Adding another new baby to your family? Pick up a few tips on how to make the transition easier from new Life as MOM contributor Deanna.
All photos: Deanna
Adding a new baby to your family is a bit like adding a ball of fire to your juggling routine. The norm is thrown off balance, management of the unknown ball of fire becomes a big priority, and you find yourself living in chaos as you try to not drop all the balls at once into a fiery heap. Eventually the fire fades, the balls equal out, and a new normal takes over.
Having done this adding game three times in the past four years, I find that even though the initial addition is always difficult to juggle no matter how many times I’ve done it before, the new normal resumes more quickly each time. For that I am thankful.
I’ve also learned a few tips that pro jugglers (aka seasoned mamas who have been at this game longer than I have been) taught me along the way. These tips are helping me even now- just three months out on baby #3. These might not all work for you- but if just even one of these tips helps you not get burned during that initial juggling desperation- it is worth sharing.
1. Quiet time
I just had my 3rd baby- in a little under 4 years. The only way I survived the transitions was to institute mandatory quiet time for the tots, 2-3 hours a day. They must stay in their rooms. They can read, play with toys, talk to themselves, or sleep (yes, mostly they sleep).
I don’t care how they choose to spend that time, but they cannot leave their (child-proofed) rooms until I say quiet time is over. This meant I could always take at least a short nap during the end of the pregnancy. This meant when the baby was born that I had 2-3 hours with just the baby every day. This meant it was relatively easy to get the baby napping during that 2-3 hours eventually too and the new normal resumes that much faster.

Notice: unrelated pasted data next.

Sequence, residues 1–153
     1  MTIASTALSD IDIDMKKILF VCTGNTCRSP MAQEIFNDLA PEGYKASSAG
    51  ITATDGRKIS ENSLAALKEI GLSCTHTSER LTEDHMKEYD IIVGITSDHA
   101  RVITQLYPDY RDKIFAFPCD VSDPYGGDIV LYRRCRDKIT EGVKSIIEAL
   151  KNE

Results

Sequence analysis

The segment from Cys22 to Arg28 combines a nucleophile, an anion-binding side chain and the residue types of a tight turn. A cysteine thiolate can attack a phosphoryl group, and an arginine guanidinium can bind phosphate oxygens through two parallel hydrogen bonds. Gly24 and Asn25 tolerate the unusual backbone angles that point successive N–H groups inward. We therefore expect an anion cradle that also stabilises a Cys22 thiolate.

2. Making freezer meals
I love dedicating entire days to freezer cooking. But honestly what helped me the most preparing for a new baby was not freezing 30 meals at once. I didn’t have the energy, and I didn’t have the luxury of putting aside that much time toddler-free to work in the kitchen. What I ended up doing during my second and third pregnancies was making doubles or triples of that night’s dinner.
Freezing the extra, I quickly built up a nice freezer stash without having to dedicate a whole day to this. I would do this 2-3 times a week starting around week 34, and by the time the baby came I had a full freezer. This included every time I made muffins, applesauce, or cookies- making just a bit extra and skimming what I could off the top and putting it directly in the freezer. Baby step instead of giant leaps. It still got me there, but I wasn’t as overwhelmed by the process.
3. Reading while nursing
The thing that I struggled with the most was- what do I do with two rambunctious toddlers while I try to figure out nursing/feeding this new person? I didn’t want them to destroy the house, and I didn’t trust them when they disappeared quietly into the back of the house while I settled down with the baby to work through different nursing issues. At first I turned to TV/movies. This worked for the first couple of difficult weeks, but soon I became concerned about how much TV they were watching and how it was adversely affecting their behavior.